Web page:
Tags: Disengagement | Proposal | Angers | Israeli | Environmentalists

Disengagement Proposal Angers Israeli Environmentalists

Friday, 08 April 2005 12:00 AM

The massive relocation plan is a unilateral move on Israel's part, intended to separate Israel from the Palestinians and thereby reduce contact and friction between the two sides, the government says.

Most residents of the Gush Katif settlement bloc are still hoping that the disengagement plan won't happen. Many have lived in those communities for nearly 30 years. They have worked together to build their homes, businesses and communities from the sand dunes up, and raised children and now grandchildren there.

A small group of settlers met with Prime Minister Ariel Sharon earlier this week and asked him to relocate the entire Gush Katif settlement bloc, as a group, to an area called the Nitzanim Sands, located between the Israeli coastal cities of Ashkelon and Ashdod.

The request, which implied capitulation, angered settler leaders in Gush Katif as well as environmentalists. Gush Katif resident Rachel Saperstein said that those who met with Sharon had no right to do so.

"They went as private citizens. They had no permission from the population or the governing council. They went on their own initiative," said Saperstein.

"They caused a great amount of damage [when we are] still working from every avenue against expulsion," she said.

Other residents say that while they oppose the disengagement plan and are struggling to stay in their homes, if the disengagement becomes a reality, it would be better for the communities to stick together and relocate as one unit.

"At least to move as a community is less tragic," said one resident.

Sharon visited the 22,000-dunam (5,500 acre), sand dune park on the shores of the Mediterranean Sea on Thursday, to see if Gush Katif settlers might be allowed to relocate there.

But Yair Farjun, manager of the nature reserve on the sand dunes, said it would be a disaster to turn the nature reserve into a settlement.

"My heart goes out to them," Farjun said of the soon-to-be-displaced Israelis. But why do they have to come here? he asked.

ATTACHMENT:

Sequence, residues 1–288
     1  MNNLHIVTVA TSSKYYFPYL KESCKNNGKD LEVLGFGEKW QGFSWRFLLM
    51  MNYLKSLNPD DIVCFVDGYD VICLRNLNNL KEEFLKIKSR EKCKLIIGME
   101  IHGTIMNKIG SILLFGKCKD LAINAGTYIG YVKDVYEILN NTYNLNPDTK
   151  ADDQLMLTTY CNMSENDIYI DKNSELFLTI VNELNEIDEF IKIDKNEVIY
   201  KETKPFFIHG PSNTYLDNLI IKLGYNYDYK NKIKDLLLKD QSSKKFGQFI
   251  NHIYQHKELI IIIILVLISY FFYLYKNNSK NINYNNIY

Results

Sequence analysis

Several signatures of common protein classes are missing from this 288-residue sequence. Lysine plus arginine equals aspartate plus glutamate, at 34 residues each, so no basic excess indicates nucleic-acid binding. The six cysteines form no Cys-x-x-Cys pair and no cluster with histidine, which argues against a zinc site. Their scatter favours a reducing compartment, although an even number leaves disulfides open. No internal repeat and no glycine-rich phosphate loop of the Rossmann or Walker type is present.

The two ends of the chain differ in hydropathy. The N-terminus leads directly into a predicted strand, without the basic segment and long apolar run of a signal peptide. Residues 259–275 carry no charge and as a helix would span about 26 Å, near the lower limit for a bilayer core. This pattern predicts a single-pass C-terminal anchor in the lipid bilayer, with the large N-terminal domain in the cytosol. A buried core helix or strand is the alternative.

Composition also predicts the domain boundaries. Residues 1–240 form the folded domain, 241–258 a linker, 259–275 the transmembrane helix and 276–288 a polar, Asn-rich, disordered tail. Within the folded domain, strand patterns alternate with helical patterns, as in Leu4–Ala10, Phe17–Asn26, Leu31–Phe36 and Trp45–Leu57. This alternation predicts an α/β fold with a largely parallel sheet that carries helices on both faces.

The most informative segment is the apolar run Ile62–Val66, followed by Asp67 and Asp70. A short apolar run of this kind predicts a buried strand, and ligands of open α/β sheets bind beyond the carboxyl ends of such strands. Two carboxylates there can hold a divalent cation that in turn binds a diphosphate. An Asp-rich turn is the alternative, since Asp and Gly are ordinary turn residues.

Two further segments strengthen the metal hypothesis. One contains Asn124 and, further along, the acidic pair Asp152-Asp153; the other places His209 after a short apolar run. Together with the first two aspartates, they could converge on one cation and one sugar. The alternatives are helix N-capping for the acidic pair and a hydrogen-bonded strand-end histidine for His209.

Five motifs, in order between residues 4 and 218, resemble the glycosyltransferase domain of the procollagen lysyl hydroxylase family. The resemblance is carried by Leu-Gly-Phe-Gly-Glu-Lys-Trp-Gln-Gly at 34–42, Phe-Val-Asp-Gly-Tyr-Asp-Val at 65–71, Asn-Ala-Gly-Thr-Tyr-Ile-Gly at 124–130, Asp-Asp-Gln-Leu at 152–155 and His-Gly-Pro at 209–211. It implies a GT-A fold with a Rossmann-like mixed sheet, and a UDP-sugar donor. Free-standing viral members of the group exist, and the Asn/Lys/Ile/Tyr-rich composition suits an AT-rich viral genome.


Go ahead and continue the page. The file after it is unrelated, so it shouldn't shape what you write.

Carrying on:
Twenty-five years ago, the Society for the Protection of Nature in Israel set aside the sand dunes as a public area to save them for future generations. This is the only protected area of its kind along the seashore in Israel. Suddenly, from nowhere they want to put settlers here, Farjun said.

Farjun acknowledged that removing Gush Katif families from their homes was not only a material sacrifice but also an ideological sacrifice for them. But he insisted there is "no excuse to make an environmental sacrifice. There's no justice in it," he said.

Near the Nitzanim sand dune park is the small religious community of Nitzan. There are about 90 families in the quiet community, which is crisscrossed with brick sidewalks and dotted with colorful flowerbeds.

Earlier, the Sharon government proposed adding 450 homes to Nitzan to accommodate Gush Katif settlers. It would take about two years to complete that first phase, during which time the residents would be housed in apartments or trailers in other areas of southern Israel.

Now that offer has been doubled, said an official of SELA, the government body set up to deal with compensation issues.

Some 95 percent of the residents of Nitzan oppose the disengagement, said a resident of Nitzan, who asked not to be named. But if the families from Gush Katif come, Nitzan residents are willing to receive them, he said.

Three people from Gush Katif already bought apartments there several years ago as an investment, he said. "Families live here in the Garden of Eden, paradise," he added.

But houses are only part of the problem. There are about 400 farmers in the Gaza Strip who own about 1,000 acres of greenhouses. Those greenhouses would have to be moved to an agricultural park some 30 minutes away, said the official who asked not to be named.

Yossi Tsarfati, an agriculture manager in Gush Katif, said that living far from the hot houses is a problem because the "intensive agriculture" area needs daily care.

"We are not ready to give up the community life...If they want to evacuate, we want to be together with the agriculture nearby," said Tsarfati.

"There is a big problem because the government is saying all the time, 'You will leave' but no one is worrying about what will happen the day after," he said.

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The massive relocation plan is a unilateral move on Israel's part, intended to separate Israel from the Palestinians and thereby reduce contact and friction between the two sides, the government says. Most residents of the Gush Katif settlement bloc are still hoping that...
Disengagement,Proposal,Angers,Israeli,Environmentalists
721
2005-00-08
Friday, 08 April 2005 12:00 AM
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